M. Night Shymalan has been mostly a punchline since the mid 2000’s, with a string of hilariously terrible movies like The Happening that finally culminated in the blockbuster disaster that was The Last Airbender. Shockingly, he seemed to learn from his hubris and forged a new partnership with Blumhouse that resulted in 2015’s critically well received found footage horror movie The Visit and now Split, a fantastic “trapped in one location” thriller that features an onslaught of acting from James McAvoy.
McAvoy plays Kevin, a man with 23 personalities that stem from childhood trauma. Some are nice, like fashion designer Barry or history buff Orwell but two of his personalities, Dennis and Patricia, have developed a dangerous obsession with a 24th personality they have dubbed “The Beast” and believe they need to eat the meat of the impure to awaken him, leading Dennis capture three teenage girls, including Kasey (Anya Taylor-Joy). The movie does an incredible job of pacing and doling out pieces of the puzzle that is Kevin. There’s not some sort of long expository introduction to who he is and what is going on, you piece it together along with the girls. James McAvoy is incredible here, making it easy to figure out which personality is currently in control although it gets even more complicated when you find out the personalities can fake being other personalities and there’s scenes where he’s having a three way conversation with himself, with absolutely seamless transitions between the characters voices. There’s also really great pacing to the girls trying to escape and they act pretty smartly, much like Mary Elizabeth Winstead in last year’s great trapped thriller, 10 Cloverfield Lane. Betty Buckley is great as well as Dr. Fletcher, Kevin’s psychiatrist who slowly realizes something is up when the normally dormant Dennis is suddenly in command (Barry is usually the calm and collected leader of the other “IDs”) but she is always careful about what she says. The one thing that didn’t click for me were flashbacks to Kasey’s childhood, they didn’t really build to anything substantial other than the obvious thing they imply and it seems strange to including them and not flashbacks to Kevin’s childhood to flesh him out more.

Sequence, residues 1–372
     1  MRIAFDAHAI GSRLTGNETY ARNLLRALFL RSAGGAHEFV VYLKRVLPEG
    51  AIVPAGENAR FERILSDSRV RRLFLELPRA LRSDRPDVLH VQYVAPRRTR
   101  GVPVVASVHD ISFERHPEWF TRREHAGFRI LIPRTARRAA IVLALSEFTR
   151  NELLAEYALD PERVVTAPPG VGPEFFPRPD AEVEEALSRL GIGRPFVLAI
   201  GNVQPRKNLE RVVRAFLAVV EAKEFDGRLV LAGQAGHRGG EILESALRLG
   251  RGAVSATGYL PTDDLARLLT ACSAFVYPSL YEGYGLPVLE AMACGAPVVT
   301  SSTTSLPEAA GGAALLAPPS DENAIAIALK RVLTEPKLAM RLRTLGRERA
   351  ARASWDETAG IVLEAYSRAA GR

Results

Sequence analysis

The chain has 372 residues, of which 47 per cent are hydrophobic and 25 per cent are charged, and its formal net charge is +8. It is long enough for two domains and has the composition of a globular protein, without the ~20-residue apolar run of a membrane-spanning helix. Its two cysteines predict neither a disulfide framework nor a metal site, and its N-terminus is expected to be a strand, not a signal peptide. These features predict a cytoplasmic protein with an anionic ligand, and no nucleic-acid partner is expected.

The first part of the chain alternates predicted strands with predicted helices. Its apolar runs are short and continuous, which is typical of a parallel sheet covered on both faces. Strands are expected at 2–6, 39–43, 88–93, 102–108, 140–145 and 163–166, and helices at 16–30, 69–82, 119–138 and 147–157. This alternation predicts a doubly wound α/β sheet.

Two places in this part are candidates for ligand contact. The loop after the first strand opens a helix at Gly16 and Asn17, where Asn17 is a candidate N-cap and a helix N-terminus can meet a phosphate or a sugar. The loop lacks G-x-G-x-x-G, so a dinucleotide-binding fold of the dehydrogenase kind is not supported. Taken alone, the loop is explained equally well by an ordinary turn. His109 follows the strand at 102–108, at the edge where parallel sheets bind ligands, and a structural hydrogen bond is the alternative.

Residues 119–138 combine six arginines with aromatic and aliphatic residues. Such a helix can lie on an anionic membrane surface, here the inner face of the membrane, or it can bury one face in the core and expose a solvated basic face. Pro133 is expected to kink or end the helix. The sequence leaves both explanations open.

M. Night does a great job with the main location of Kevin’s lair, giving you a sense of the layout and slowly revealing new rooms and clues to what Dennis and Patricia’s masterplan is and you’re never bored even though 80% of the movie is one creepy hallway of rooms. M. Night also shows a lot of restraint and subtlety as well, using slow burn tension instead of ridiculous shock value. He still puts himself in the movie via a cameo and some of the writing, especially in the opening scene, is a little eye rolling but it’s a far cry from the dark days of things like Lady in the Water. Split is, to me, right up there with Sixth Sense and Unbreakable as one of his best movies. If you’ve read anything about this movie, you also know there is a major reveal in the final scene that I definitely will not spoil here and you should really go in not knowing but needless to say it is pretty incredible and makes me want to see a sequel to this immediately (and since it’s doing great at the box office, that seems like a real possibility). This final scene actually does the brilliant job of making any criticisms about realism sort of moot, as the implications of it puts Split in a much more heightened and fantastical light.
Split is a fantastic thriller and goes a long way to making me trust M. Night again as a director. James McAvoy is incredible and Anya Taylor-Joy is solid as well and if M. Night can fulfill the promise of that last scene, we are in for one hell of a follow up.
I’m like the J. Jonah Jameson of Everything Action, writing and editing and constantly demanding pictures of Spider-Man.